My Must-Have Summer Travel Item

Summer travel season is nearly upon us and it’s time to start packing for our next beach destination! My must-have travel item for the summer season? The versatile and multi-functioning SARONG.

Here are some of ways to use a sarong:

A jaunt to the beach requires a sarong

1. Beach cover-up: The most common reason to use a sarong is to keep you modest between your hotel or hostel and the beach. Particularly in Southeast Asia where local cultures are still a bit conservative when it comes to the amount of skin revealed and you should stay mindful to local customs.

2. Beach spread: Okay, so now you’re on the beach and ready to catch some rays or waves. Use your sarong, yes the same one you’re wearing, as a beach blanket. Spread it out and you’ve got a lovely beach blanket!

Lounging post-bath bucket shower in Burma, about to apply thanaka

 
3. Towel: Now that you find yourself on the beach, you need a swim to cool off. Whoops! Did you realize that you’ve forgotten a towel? Good thing you’ve got your sarong! A sarong can also double as a make-shift towel in general. In warmer climates, I just wrap the damp towel around me and turn my sarong into a cooling wrap as I get ready for bed.

4. Change room: I like lazying by the beach or pool as much as the next gal, but I just can’t do it in a wet swim suit so I always have a spare bikini to hand. Unfortunately, a change room on a remote beach can be hard to come by. My solution? The sarong. It took some practice, but I can now use the sarong as a change room by simply wrapping it around myself and using it to change out of my wet swimsuit and into a dry one. I suggest you practice in the privacy of your room before trying this in public. Or maybe you’re not such a freak like I am and can deal with wearing a wet bathing suit.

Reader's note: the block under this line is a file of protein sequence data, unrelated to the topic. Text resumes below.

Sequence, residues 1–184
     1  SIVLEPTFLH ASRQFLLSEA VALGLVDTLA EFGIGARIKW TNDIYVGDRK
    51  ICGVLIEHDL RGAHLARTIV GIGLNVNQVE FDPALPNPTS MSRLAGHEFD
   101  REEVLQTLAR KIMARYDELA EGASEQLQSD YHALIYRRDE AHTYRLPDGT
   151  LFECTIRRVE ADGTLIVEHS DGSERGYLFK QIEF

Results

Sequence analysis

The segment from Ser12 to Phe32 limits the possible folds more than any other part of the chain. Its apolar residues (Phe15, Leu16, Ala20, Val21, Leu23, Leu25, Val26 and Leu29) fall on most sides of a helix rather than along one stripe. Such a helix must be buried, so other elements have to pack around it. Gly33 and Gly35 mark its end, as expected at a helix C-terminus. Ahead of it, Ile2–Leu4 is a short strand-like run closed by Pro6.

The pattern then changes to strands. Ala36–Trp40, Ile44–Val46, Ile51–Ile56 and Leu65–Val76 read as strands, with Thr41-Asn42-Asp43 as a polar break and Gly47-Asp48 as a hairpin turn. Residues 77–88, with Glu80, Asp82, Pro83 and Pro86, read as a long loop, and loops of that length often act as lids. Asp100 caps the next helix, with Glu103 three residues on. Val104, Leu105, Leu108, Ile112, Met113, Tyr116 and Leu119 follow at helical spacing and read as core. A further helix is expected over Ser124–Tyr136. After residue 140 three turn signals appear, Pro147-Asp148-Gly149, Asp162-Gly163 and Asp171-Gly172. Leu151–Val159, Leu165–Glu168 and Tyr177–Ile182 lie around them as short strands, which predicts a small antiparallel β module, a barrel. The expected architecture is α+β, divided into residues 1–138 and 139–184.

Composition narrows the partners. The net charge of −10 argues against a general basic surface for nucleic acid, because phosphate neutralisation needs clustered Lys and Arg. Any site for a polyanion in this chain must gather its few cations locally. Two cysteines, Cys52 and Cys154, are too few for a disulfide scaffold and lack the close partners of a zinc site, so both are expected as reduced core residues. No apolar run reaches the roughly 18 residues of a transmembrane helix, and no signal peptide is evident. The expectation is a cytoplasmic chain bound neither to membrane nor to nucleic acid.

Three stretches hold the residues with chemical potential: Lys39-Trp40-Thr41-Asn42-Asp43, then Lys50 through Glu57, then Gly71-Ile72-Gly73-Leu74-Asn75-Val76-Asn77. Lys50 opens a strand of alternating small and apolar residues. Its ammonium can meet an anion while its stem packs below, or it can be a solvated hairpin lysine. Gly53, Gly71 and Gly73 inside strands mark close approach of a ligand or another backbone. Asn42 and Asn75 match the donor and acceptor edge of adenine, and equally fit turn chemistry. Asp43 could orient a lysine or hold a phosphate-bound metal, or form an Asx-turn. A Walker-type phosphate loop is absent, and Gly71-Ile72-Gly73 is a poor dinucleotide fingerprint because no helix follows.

Too cold on an overnight bus? Grab your sarong and turn it into a blanket

 
5. Blanket: Thailand and Vietnam’s buses are notorious for cranking up their air conditioners. At first it is absolutely soothing to escape the heat and humidity into the cool air of a Thai or Vietnamese bus. Until five minutes later when you’ve got goosebumps and your teeth are rattling! Although most bus companies will provide you with a blanket (why they don’t just turn down the air conditioning is beyond me), they can be too small, especially since I’m trying to bury myself into one to stay warm. I use the given blanket around my feet and body then wrap my sarong over my shoulders and neck to combat the Arctic cool.

6. Pillow: A sarong isn’t going to be the best pillow you’ve ever slept on, but if you’re traveling on an overnight train or bus, a rolled up sarong does the trick to help prevent a stiff neck in the morning. Trust me.

Use a sarong to cover your shoulders at religious temples, India 2010

 
7. Admission to Religious Sights: Many cultural and historical sights in Southeast Asia are also religious sights and they require modesty in all patrons. Bring a sarong with you (I carried mine in my daypack everywhere) and cover up when necessary.

The sarong is an essential when I travel and I always pack at least two in my bag. With so many functions, my sarongs get plenty of use (something that can’t be said for many other things that I pack) and need regular replacement. Souvenir shops often sell colorful sarongs so it’s not hard to pick up a couple at any destination. Plus, they’re so pretty too!

What’s YOUR must-have summer travel item?

**Originally posted on Travel Dudes in April 2011.

© Connie Hum 2012

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